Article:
Govt to reassess all 2,674 glacial lakes and install additional early warning systems

Govt also assures that both P I and P II are flood proof and insured

After the Lemthang Glacial Lake Overflow Flood (GLOF) that occurred on the Mochhu river on 28th June, the government has decided to go for a reassessment of all 2,674 glacial lakes in Bhutan’s highlands and also install Early Warning Systems (EWS) in other river basins.

The data so far is that of the 2,674 lakes around 25 are considered to be a threat or dangerous.

Minister for Economic Affairs (MoEA) Lyonpo Norbu Wangchuk said, “We will be reassessing the 2,674 lakes as some time has passed since the last assessment and we will categorize them as being dangerous, medium dangerous and safe.”

The minister also said that the government would be studying all river basins to see if there is any risk and also need for Early Warning Systems. The government in cooperation with JICA is planning to install EWS along the Mangdechu and Chamkarchu river basins as 10 of the 25 dangerous lakes are in these two river basins. One lake is present at the head of the Kurichu basin.

The government is also planning to install more EWS machines and other equipment along the Mochu and Phochu. Currently Mochu has around three EWS and Mochu has around eight EWS. Lyonpo said that additional equipment would help to better monitor any potential GLOF in the future and where the flood had exactly reached. Around eight dangerous lakes are in the Phochu basin with another five in the Mochu basin.

Identifying a weak point, the minister said that when Lyonchhen during the flood had asked for the time the flood would reach Punakha Dzong or the projects, no definitive time could be given. The Minister said there was a need to work on this to be able to more correctly predict at what time the flood would reach at a particular location.

Lyonpo, who was personally monitoring the situation from the Hydromet Department, said that the recent Lemthang GLOF was a very good learning experience. He said it confirmed that it pays to be prepared as it would save lives and properties. He pointed out that the GLOF showed that the EWS on the Mochu basin worked perfectly fine.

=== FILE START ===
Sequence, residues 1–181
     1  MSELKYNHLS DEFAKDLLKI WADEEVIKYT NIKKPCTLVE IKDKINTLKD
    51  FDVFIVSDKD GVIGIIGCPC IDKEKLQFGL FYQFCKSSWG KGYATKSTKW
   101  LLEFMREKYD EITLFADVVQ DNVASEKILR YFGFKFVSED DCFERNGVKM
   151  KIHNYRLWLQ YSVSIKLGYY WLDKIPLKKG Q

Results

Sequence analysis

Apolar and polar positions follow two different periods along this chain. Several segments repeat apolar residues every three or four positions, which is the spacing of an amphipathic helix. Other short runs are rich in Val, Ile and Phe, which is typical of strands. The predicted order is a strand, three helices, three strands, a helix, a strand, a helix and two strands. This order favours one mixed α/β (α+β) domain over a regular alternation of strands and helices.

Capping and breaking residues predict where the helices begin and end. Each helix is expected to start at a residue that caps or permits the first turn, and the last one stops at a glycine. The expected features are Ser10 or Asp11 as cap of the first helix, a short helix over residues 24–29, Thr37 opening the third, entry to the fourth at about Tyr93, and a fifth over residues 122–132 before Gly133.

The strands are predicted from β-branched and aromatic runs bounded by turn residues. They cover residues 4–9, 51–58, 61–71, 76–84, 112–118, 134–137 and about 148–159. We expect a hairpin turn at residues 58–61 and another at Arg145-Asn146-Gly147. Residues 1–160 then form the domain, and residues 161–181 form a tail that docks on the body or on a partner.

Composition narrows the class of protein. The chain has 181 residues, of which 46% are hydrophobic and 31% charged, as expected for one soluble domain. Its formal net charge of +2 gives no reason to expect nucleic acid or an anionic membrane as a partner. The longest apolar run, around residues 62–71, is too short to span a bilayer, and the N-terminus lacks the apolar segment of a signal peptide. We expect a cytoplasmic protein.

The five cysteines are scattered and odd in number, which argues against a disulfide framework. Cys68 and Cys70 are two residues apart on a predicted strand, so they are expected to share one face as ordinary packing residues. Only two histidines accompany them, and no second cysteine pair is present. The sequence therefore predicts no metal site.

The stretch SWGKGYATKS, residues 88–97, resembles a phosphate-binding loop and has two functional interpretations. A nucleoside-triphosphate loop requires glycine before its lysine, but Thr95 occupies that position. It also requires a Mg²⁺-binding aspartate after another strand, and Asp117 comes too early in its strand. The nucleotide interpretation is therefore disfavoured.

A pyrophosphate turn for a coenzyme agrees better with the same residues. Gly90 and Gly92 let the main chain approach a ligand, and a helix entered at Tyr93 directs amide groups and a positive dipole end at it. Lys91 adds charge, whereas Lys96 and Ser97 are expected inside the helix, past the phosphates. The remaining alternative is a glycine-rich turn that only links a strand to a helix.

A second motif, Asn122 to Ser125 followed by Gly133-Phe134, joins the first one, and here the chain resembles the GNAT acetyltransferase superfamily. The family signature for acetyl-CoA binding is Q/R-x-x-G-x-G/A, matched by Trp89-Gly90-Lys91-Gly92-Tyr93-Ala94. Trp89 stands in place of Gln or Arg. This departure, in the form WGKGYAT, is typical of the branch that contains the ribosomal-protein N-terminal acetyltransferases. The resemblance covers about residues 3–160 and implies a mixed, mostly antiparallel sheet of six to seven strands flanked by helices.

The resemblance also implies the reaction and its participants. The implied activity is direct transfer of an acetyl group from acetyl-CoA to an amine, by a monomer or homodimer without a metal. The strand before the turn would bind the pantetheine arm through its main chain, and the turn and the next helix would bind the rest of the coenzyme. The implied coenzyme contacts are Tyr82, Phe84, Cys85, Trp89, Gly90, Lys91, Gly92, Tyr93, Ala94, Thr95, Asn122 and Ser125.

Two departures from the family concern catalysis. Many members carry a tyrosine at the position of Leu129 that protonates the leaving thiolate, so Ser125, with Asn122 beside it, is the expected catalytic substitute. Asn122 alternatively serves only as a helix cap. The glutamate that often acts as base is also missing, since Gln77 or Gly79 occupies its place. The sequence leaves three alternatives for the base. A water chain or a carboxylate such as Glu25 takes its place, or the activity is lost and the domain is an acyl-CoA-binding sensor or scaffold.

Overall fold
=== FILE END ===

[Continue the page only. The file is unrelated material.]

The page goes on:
The minister pointed out that people saw the huge boulders and timber at the source of the flood and panicked but the hydromet department accurately measured the water levels which showed no reason to worry as the water did not even reach the alert level well before the alarm level.

Lyonchhen Tshering Tobgay said that the government had decided to be cautious and follow the GLOF drill as ground reports from Gasa indicated huge boulder, mud and trees coming in the river with the GLOF. He said that they wanted to avoid any damage from any artificial dam of landslides, boulders and trees on the Mochu forming and then breaking open. Lyonchhen said such things had happened in the past. The PM said that eye witnesses at the source had seen around eight small bridges and big bridge being washed away. He said such precaution was necessary as the Hydromet would have no way of knowing if any such dam formed.

The Lemthang flood has also renewed concerns and fears on the safety of the Punatsangchu I and II projects which are under construction.

Saying that there was no reason to worry, Lyonpo Norbu Wangchuk said the hydrology and river flow information for up to 100 years were studied by the project. He said that in terms of dam design it would be able to withstand even a ‘pretty bad outburst.’

Lyonpo said both the projects were fully insured and the risks were offloaded to India. The PM also said that the insurance covered the total value of the project. Lyonchhen added that according to experts even if the river overflowed over the dam it would still stand strong.

The PM also gave an update on strengthening disaster preparedness in the country. He said that last year the National Disaster Management Authority (NDMA) with him as the Chairman had been established and there were also Dzongkhag Disaster Management Committees (DDMC). He said the government would strengthen disaster preparedness in the country by strengthening the NDMA at the national level and DDMA at the Dzongkhag level.

Lyonchhen said that during disasters communication was of utmost importance and so the Department of Disaster Management (DDM) was studying various options including the use of satellite phones. He said that land had been indentified for a National Control Center and handed over to DDM. The PM said that the idea is to ensure one place that is secure and isolated from any potential disasters to coordinate relief efforts.

The Minister for Information and Communication Lyonpo D.N Dhungyel said that his ministry was in the early stages of exploring a semi-permanent structure for Bhutan Broadcasting Service so that even in case the BBS main building was damaged it could still main TV and radio function in times of a major disaster.

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